The Scottish independence stand-off
Mure Dickie finds SNP faithful confident that they can overcome UK government opposition to a second independence referendum for Scotland.
Produced and filmed by Petros Gioumpasis.
If, on Wednesday, next week--
The Scottish National Party's spring conference capped a week of drama in which First Minister Nicola Sturgeon called for a second independence referendum to be held by spring 2019. Just three days later, UK Prime Minister Theresa May rejected that demand, making clear she would not approve an independence vote until much later, if at all.
--to make sure that we get the right deal.
The constitutional faceoff has energised members of the Scottish National Party. After bitter defeat in the independence referendum of 2014, many of them now believe they have their best ever chance to win majority support for leaving the UK.
In her conference speech, Ms. Sturgeon took a tough line, promising party faithful that there would be another vote on leaving the UK on her timetable.
After the terms of Brexit are clear, but while there is still an opportunity to change course, the people of Scotland will have a choice. There will be an independence referendum.
Ms. Sturgeon did not explain how she would prevail, but many in her party believe public opinion in Scotland will give Mrs. May no choice but to back down.
I don't think it's likely that that actually can be blocked, because I think, politically, Theresa May will know that the Tories aren't particularly welcome or popular in Scotland. And to turn around and give a blanket no, it won't be happening, will only increase the mood for independence.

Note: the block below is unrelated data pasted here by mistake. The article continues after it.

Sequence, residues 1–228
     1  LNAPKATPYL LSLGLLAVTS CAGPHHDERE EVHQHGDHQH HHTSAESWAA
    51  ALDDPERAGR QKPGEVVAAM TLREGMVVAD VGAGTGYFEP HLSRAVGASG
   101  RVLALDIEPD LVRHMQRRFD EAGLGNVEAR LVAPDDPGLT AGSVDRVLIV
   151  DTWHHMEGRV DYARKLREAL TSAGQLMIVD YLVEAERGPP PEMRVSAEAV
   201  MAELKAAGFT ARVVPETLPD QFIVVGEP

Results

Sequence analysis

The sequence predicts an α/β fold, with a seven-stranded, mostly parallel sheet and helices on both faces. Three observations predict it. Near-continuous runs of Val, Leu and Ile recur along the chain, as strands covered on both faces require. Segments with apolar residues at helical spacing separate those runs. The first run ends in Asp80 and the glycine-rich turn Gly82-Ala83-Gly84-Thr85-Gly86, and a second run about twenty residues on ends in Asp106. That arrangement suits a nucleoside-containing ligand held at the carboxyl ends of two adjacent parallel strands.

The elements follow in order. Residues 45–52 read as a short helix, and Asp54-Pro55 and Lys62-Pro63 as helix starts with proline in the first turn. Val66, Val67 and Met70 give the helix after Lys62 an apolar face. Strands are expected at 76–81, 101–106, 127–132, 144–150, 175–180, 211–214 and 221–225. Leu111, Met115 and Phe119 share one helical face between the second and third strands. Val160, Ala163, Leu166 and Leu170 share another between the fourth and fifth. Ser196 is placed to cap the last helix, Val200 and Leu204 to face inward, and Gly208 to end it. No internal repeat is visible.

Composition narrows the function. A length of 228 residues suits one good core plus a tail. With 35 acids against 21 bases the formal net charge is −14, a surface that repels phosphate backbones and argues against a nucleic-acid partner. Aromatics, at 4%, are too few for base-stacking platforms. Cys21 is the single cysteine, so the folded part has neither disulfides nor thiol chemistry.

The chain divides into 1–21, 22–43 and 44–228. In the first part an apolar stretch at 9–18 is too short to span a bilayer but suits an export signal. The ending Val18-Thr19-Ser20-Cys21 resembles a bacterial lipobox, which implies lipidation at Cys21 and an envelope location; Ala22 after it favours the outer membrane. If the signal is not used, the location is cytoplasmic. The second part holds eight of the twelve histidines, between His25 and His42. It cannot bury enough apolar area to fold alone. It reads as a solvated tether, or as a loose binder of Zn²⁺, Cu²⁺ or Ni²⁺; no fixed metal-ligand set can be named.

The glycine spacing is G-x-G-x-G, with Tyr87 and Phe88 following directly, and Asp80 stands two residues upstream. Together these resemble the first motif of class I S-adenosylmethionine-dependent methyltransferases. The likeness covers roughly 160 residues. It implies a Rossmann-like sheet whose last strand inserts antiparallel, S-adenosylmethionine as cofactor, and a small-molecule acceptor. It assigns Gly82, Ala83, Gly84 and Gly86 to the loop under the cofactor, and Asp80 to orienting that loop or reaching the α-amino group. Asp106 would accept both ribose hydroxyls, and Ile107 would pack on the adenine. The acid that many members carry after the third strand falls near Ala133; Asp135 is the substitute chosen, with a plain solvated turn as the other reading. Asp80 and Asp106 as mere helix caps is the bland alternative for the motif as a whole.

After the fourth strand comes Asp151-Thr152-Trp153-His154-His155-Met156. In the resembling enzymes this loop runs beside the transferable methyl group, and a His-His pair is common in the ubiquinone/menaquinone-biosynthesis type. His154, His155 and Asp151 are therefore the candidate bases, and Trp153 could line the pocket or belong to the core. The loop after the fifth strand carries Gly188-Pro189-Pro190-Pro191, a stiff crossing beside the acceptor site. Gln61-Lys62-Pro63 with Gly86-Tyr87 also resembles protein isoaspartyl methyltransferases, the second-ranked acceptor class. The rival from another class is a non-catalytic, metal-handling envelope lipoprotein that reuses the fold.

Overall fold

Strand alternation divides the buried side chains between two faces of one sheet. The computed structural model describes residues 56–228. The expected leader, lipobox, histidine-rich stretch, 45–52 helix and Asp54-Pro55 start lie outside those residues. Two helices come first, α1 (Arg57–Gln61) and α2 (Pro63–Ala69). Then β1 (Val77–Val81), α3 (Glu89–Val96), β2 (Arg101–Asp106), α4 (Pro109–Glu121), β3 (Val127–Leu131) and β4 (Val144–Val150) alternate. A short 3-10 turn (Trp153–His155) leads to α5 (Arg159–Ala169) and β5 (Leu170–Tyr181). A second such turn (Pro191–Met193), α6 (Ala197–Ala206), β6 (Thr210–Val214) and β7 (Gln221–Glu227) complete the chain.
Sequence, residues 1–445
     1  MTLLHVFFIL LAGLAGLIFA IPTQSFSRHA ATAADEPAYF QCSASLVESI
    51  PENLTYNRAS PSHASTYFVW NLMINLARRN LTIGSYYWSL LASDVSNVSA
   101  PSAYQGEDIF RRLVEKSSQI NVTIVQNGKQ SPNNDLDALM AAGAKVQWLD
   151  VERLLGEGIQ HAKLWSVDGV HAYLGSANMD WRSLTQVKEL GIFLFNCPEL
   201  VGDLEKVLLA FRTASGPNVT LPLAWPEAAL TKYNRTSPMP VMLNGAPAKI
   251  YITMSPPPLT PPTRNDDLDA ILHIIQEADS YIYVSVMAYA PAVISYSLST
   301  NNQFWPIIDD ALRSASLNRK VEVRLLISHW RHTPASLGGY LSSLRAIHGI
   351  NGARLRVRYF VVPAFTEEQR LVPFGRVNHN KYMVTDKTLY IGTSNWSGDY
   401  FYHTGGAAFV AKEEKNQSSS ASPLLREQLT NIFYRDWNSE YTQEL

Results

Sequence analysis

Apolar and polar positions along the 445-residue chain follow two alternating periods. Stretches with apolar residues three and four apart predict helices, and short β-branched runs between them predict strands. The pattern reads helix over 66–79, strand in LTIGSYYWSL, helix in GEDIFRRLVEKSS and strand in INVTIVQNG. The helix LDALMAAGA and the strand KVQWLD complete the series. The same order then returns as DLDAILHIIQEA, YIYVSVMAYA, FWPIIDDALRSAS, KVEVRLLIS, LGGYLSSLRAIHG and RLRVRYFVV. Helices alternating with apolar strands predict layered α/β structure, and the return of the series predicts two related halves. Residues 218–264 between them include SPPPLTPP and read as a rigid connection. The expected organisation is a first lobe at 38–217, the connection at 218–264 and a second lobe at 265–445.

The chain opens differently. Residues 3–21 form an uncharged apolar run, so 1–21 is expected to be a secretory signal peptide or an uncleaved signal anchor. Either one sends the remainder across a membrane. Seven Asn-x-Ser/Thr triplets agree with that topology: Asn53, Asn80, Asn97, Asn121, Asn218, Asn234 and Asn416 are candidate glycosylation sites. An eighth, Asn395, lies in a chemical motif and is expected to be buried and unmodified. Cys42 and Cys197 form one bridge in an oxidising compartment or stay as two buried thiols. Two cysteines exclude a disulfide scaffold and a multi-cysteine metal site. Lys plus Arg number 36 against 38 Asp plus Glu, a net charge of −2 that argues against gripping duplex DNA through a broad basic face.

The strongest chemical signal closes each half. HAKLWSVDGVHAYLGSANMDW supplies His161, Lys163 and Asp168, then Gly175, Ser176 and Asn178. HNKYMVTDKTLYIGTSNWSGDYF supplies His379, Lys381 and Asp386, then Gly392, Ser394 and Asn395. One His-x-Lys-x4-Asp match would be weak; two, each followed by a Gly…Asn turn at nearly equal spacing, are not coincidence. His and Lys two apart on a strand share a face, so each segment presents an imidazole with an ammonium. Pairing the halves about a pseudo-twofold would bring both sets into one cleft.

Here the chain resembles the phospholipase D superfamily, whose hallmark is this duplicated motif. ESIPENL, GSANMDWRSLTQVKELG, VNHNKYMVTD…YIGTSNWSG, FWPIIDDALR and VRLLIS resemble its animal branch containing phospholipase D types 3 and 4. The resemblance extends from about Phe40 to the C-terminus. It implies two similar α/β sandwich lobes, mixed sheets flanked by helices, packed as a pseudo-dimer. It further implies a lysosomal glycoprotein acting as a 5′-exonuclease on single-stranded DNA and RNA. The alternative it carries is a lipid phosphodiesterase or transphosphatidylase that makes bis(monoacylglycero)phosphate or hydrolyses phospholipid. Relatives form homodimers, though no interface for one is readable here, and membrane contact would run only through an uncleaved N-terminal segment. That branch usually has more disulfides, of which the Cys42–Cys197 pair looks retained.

The Scottish government is keen for a second referendum to follow the precedent set in 2014, with terms agreed by London and Edinburgh. But if Mrs. May refuses, some SNP members say Ms. Sturgeon should consider an unauthorised or advisory referendum, a tactic used by Catalan separatists in Spain.
Nicola Sturgeon hasn't told us what she's planning to do. But in my opinion, she has to carry out an advisory referendum or another action like that, because she can't be seen to just ignore the will of the people.
Analyst David Torrance says that approach has major downsides.
I think it's very risky. And my sense is, the SNP leadership is very keen to have a legal referendum-- or more accurately, a legitimate referendum. The trouble with going down the Catalan route of an informal advisory ballot and all the rest of it, it would lack international legitimacy-- very important to the SNP. And you also risk a boycott. Sections of the electorate might not turn out, and therefore, the whole thing is rendered rather pointless.
The SMP has other problems. Whilst it has made Brexit the trigger for another referendum, many party supporters actually voted to leave the EU.
I voted to leave, basically because I don't think that the EU is a particularly democratic organisation. And it's very far removed from a country like Scotland, because our needs and our aspirations are very different from, say, Germany or central Europe, and I don't think they take that into account enough. So I did vote to leave. So with me, I think there's two battles. There's a battle to get independence for Scotland, and there is a battle to keep the Scotland out of the EU.
So Ms. Sturgeon is shifting her focus away from EU membership to wider questions of Scotland's ability to decide its own future and the kind of country it wants to be. In her speech, she contrasted what she called an open and welcoming Scotland with a right-wing Brexit Britain.
We will become a magnet for talent and investment from all across the UK. So let me issue this open invitation today-- Scotland doesn't fill up.
If you are as appalled as we at the path this Westminster government is taking, come and join us.
Ms. Sturgeon says she's still willing to negotiate with Mrs. May, but such rhetoric shows how far apart the two leaders are.
For now, the political stage seems set for an extended standoff, with the constitutional question dominating Scottish politics, complicating Britain's Brexit process, and keeping in doubt the future of the United Kingdom itself. Mure Dickie, Financial Times, Aberdeen.